January 22, 2008


If the USA has "evolved" into an "advanced economy," characterized by information and high-technology rather than industrial production, why is the NASDAQ dropping 2% while the Dow Industrials only drop 1%?

OKay, OKay, I understand that "new" economies are more risky and subject to change, but that would lead one to believe the NASDAQ is the place to invest. The NASDAQ lost about 50% of its value in the 1987 crash, 50%. It's been a decade since then. One would think that the tech-industry, given that US [sic] corporations have shipped most of the production off shore, would have matured somewhat by now.

Perhaps, a smarty-pants would argue that, by it's nature, high-tech industry, our "new economy," is rife with uncertainty, and thus rife with growth 'potential' and volatility. Our economy will, for the foreseeable future, be the new-technology leader; that will be our role in the world. Great! We're sooo cool. USA is on the cutting edge. We can ship dirty old industries off shore, and focus on the new innovative stuff!

OKay. I'll buy that. But, if that's the case, isn't our economy subject, for the foreseeable future, to the volatility that is the nature of high-tech industry?



Rick said...

YESSSSSS! Someone else gets it!

What's wrong with making "things" vs. making "virtual things"? Nothing. It's all in the perception. It is sexy to be technologically advanced, and we are a country of citizens that want to be sexy. It's better to be unemployed than to have a job that is beneath us, better to be unemployed with a Masters degree than to be employed with a Bachelors (or only a diploma).

Yet, when your PC doesn't work, you still have other things to do: clean the house (with manufactured products), work in the yard (with manufactured products), make home improvements (with manufactured products), walk the dog (not manufactured, but the pooper-scooper is), etc.

The mundane is tangible; there is no hope in it. The technological is idealistic; it conveys hope for the future, whether that vision of the future arrives or not.

We like to hope, to dream. But the stock markets shouldn't be built on hope, they should be built on fundamentals. Hoping for a good economy is kind of, like, um, hoping that politicians will change their stripes and actually do what's right for the country.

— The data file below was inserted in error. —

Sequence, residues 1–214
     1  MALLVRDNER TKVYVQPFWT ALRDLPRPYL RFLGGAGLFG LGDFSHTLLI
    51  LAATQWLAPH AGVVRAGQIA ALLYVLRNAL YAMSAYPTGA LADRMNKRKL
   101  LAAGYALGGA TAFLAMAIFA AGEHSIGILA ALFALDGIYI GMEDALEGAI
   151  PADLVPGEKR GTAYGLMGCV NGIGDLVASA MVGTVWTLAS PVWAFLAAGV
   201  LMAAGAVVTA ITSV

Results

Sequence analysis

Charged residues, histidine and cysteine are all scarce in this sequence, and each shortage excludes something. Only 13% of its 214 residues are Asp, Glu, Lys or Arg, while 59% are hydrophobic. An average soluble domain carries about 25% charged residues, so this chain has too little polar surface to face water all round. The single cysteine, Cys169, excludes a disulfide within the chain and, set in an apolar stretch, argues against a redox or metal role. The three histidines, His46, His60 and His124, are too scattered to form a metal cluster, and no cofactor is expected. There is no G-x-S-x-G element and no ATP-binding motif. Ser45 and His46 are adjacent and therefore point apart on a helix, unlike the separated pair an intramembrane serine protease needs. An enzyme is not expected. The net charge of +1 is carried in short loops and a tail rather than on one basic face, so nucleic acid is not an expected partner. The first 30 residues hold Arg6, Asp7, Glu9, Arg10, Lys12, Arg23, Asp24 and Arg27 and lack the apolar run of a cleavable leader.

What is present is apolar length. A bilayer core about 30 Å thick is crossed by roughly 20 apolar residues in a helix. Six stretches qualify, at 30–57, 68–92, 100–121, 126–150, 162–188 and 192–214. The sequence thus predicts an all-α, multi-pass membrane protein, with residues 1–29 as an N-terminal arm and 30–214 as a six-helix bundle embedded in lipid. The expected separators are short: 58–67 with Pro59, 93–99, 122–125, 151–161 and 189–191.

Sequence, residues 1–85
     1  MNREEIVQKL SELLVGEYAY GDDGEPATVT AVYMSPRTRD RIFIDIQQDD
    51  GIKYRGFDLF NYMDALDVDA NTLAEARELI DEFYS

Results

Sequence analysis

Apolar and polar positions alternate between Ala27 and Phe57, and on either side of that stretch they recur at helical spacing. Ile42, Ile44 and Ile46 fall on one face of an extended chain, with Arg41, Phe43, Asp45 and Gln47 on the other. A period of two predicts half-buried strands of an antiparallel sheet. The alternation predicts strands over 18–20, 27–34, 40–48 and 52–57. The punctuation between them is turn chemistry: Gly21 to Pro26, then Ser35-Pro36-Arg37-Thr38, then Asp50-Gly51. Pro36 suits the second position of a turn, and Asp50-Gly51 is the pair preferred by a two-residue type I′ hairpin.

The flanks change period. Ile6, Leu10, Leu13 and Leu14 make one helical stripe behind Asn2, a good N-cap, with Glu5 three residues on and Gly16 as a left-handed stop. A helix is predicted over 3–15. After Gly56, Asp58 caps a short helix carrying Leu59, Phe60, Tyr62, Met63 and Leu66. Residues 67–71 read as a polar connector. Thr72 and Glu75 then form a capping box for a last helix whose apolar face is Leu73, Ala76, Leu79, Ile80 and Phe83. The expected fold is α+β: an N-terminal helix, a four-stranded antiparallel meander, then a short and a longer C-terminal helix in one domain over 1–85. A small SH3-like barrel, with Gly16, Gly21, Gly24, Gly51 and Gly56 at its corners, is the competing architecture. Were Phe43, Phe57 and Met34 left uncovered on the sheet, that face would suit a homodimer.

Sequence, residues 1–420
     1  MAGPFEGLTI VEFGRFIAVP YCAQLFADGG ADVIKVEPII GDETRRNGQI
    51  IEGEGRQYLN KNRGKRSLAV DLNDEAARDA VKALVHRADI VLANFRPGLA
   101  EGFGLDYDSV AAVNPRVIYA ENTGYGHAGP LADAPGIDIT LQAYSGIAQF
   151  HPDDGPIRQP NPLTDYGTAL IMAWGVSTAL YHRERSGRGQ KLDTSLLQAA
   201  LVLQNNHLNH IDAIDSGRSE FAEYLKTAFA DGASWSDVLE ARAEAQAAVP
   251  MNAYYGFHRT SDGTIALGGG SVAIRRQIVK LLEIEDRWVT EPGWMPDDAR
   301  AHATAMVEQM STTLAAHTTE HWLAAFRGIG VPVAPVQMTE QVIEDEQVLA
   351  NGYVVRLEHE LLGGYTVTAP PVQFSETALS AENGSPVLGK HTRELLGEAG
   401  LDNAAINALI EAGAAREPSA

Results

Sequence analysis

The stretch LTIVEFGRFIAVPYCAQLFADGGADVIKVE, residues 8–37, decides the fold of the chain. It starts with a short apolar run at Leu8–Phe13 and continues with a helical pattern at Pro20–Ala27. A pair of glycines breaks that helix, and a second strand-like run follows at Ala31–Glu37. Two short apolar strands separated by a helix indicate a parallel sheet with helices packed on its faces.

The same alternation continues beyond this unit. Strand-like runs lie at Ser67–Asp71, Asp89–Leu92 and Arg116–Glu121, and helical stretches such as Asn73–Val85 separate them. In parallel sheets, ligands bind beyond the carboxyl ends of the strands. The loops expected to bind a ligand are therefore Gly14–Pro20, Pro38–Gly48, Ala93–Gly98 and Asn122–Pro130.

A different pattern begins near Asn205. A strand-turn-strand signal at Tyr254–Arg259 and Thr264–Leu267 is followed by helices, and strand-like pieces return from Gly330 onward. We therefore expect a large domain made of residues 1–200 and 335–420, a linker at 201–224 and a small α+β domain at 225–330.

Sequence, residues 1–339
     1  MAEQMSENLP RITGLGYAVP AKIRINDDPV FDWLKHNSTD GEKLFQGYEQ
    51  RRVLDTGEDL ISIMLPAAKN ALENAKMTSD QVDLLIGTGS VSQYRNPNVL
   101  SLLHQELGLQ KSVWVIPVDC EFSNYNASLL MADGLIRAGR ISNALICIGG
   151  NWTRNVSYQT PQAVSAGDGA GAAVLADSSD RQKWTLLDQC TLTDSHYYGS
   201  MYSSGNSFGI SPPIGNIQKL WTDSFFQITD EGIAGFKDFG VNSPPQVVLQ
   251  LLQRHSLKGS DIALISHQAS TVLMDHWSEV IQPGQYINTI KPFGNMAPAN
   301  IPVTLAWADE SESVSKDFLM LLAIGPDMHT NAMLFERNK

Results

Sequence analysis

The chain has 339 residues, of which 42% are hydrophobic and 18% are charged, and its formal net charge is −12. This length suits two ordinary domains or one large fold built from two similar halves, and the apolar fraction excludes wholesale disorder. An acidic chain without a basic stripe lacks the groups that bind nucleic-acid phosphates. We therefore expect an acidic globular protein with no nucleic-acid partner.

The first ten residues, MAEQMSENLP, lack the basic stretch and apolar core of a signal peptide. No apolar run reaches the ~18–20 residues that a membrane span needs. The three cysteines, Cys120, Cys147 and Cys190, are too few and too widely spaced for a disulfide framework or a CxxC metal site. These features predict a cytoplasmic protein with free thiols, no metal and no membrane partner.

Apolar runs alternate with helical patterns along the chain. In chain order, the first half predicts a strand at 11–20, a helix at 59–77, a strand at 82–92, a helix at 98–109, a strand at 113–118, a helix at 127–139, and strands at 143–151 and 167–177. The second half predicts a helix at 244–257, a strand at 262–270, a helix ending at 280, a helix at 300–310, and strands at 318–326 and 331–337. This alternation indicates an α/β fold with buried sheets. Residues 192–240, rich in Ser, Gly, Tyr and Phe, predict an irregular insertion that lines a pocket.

Oops, I was fantasizing again. Sorry.

GDAEman said...

Hey Rick. Long time no....

Been busy learning about video. Sooo many interests, including the occasional music thing.

I fear this coming "down turn" is going to shake things up. I hope people like you will help bring folks together... so we don't burst at the seams.

I had a dream too. That Ron Paul and Dennis Kucinich would bring their followers together and create a new base. Waddya think?

Rick said...

I don't know about that team. I agree with Paul on the (un)constitutionality of war and declaring war, but once you are in battle you need to finish the job. Congress really could have done their job and stopped funding, but that's not politically advantageous or expedient.

I appreciate Paul's insistence on following the Constitution, but I think he is lacking in foreign policy savvy. We already have a president like that, and look at what's happening; they guy brought his evangelical Christian beliefs into foreign policy, which is a big mistake. (I'm a conservative Christian, and I'm saying that!)

I still don't like Dennis. In Cleveland, he's like the little kid brother that won't leave you alone. His face is everywhere, but he won't offer anything but platitudes to his constituents, and he doesn't answer questions that challenge his intentions for the country. I wish he would be honest with the local yokels that vote for him for Congress, but he won't; he already has his majority vote without working for it, so he doesn't have to make waves at home to keep his tenure in public service.

GDAEman said...

Thanks for your continued thoughts. Tho we might differ on some of the details, one thing we can probably agree on. Both Kucinich and Paul speak truth to power. They don't bow to the powers that be.

My sense is that the Nation needs a good dose of "truth to power" at this stage. I'm only "dreaming" about bringing the two constituencies together, but... it would be nice.

Rick said...

If Jesse Ventura weren't such a freak show when he was in power in MN, he might have thrust the 3rd party movement into the mainstream. Perot got us close; Ventura could have put us over the top.

It will probably take an off-election, off-cycle grass roots effort to get out the names of potentially solid third party candidates. But, of course, with McCain-Feingold, that counts as campaigning.

Strike up another one for the incumbents. Grrr.

So ya can't talk party, and ya can't talk candidate. I guess it's all about getting out the idea and convincing enough people that they really aren't happy with the system.

GDAEman said...

I was just thinking about Jesse Ventura the other day. Wonder what happened to him?

I still think it would be fruitful to get Ron Paul and Dennis Kucinich supporters together to find common ground. They could be a powerful force.